QVC’s David Venable Sold $250 Million In Products Last Year, Times Says

QVC is on a roll this week in terms of getting positive press.

First, The New York Times has done a huge feature on host David Venable, who it credits with selling more than $250 million in QVC cooking-related merchandise last year. The story is headlined “QVC’s David Venable: The Man Who Helps America Cook.”

David Venable

David Venable

It’s a good read, revealing what a powerhouse Venable is as a pitchman and offering some details about his personal life, as well.

According to the story, Venable’s two “In the Kitchen With David” cookbooks have sold more than 500,000 copies in the home shopping channel.

“Mr. Venable has singular star power,” The Times wrote. “His is the most-watched show, which gives him a lot of sway over how America cooks.”

The Times describes the typical QVS shoppers as “an upscale metro suburban woman over 35 who wears Spanx, drinks Starbucks and is thinking of ordering a KitchenAid mixer on her iPhone.”

Is that you?

The article says that Venable is 50 and came to QVC after working as a broadcast journalist. He was raised in Charlotte, N.C., by a single mother, a nurse, and was one of three kids.

“Like all QVC hosts, he is protective of his personal life,” The Times wrote. “Lisa Robertson, the popular longtime fashion host, left this year in part because years of dealing with multiple stalkers had taken a toll. Mr. Venable has been the subject of unflattering blog posts about his body and his sex life. He smiles kindly and politely asks that his private life be kept private.”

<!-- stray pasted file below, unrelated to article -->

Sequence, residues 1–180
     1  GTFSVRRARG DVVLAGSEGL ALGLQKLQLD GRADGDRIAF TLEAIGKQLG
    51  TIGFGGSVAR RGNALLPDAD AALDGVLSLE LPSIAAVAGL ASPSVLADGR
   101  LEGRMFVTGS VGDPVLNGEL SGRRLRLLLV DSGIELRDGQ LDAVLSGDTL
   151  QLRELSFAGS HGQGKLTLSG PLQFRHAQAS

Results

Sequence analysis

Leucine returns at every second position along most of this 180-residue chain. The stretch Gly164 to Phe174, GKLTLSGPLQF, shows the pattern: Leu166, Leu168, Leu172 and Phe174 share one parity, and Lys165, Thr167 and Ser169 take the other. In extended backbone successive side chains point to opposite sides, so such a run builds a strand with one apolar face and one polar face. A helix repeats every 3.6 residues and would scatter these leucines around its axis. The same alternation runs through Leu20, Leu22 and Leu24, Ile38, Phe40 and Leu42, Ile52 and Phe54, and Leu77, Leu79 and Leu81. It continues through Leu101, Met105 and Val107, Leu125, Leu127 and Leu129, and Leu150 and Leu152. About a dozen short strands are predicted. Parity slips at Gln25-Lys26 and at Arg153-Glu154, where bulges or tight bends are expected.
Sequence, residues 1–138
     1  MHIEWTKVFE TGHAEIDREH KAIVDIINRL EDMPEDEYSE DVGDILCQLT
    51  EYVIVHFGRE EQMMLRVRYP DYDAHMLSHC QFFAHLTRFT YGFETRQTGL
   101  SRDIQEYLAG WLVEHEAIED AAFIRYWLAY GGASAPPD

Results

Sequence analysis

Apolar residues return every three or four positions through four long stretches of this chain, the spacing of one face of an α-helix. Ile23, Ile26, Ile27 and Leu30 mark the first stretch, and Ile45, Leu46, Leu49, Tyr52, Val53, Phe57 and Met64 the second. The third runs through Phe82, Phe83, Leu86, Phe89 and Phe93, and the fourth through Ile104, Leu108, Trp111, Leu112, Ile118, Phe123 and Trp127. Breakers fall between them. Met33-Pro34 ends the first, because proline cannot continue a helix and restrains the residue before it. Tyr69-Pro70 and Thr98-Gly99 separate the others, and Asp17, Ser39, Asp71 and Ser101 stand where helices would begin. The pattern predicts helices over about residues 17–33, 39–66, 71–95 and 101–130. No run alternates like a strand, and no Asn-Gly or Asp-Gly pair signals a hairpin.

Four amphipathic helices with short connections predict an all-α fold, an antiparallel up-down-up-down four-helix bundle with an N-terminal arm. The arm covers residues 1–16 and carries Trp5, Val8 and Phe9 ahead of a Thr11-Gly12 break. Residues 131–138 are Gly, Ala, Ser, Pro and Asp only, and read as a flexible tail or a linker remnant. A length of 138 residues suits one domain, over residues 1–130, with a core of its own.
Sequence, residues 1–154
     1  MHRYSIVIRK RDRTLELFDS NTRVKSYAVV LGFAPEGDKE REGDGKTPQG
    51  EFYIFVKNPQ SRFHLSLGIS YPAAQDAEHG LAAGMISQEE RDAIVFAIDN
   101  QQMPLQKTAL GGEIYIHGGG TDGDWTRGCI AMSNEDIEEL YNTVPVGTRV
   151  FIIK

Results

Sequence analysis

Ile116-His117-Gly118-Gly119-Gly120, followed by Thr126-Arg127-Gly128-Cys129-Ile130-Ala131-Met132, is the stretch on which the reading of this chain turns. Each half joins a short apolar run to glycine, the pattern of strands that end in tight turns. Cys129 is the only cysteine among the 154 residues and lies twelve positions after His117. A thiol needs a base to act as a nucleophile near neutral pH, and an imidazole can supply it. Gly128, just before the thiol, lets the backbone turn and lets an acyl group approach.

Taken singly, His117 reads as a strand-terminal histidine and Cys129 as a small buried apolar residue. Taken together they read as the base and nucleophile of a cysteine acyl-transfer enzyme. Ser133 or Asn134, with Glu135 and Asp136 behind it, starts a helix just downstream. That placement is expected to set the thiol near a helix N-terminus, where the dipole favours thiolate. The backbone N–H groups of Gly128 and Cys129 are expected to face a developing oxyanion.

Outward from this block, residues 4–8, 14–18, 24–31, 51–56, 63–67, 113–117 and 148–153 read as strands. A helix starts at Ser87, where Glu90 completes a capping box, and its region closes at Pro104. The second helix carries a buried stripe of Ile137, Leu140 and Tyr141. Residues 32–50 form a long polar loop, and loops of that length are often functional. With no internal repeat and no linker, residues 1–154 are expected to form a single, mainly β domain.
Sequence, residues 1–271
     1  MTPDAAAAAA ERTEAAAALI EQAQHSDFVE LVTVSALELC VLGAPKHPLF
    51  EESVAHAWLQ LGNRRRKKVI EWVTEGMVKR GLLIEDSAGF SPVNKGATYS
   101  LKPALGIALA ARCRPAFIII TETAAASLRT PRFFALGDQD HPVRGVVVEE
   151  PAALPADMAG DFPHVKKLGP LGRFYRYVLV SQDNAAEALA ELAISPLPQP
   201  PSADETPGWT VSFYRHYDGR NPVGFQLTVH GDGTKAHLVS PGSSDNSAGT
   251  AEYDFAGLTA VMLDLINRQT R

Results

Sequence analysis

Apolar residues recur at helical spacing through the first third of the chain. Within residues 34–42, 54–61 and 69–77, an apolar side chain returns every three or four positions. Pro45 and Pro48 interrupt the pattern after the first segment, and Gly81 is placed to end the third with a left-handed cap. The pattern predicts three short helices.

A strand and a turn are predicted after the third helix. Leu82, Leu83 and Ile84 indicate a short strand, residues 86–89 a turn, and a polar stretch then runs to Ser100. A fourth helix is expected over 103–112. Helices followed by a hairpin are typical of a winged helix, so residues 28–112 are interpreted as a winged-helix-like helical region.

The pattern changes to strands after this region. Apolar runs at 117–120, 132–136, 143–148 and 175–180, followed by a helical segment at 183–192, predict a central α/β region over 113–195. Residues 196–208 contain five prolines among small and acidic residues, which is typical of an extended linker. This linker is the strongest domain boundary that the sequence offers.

FYI to The Times: Lisa left last year!

Philadelphia Magazine also just published a Q&A with QVC CEO Mike George: “How QVC Turned an Obsolete Genre Into an $8.8B Business: CEO Mike George on embracing tech, Shark Tank’s Lori Greiner, and Joan Rivers’ death.”

“Joan was deeply connected to the QVC family,” George said in the interview. “I was at her bedside the night before she passed away. The outpouring from customers was unbelievable. Letters, phone calls. Our call centers were overwhelmed, not with product calls but calls about Joan.”

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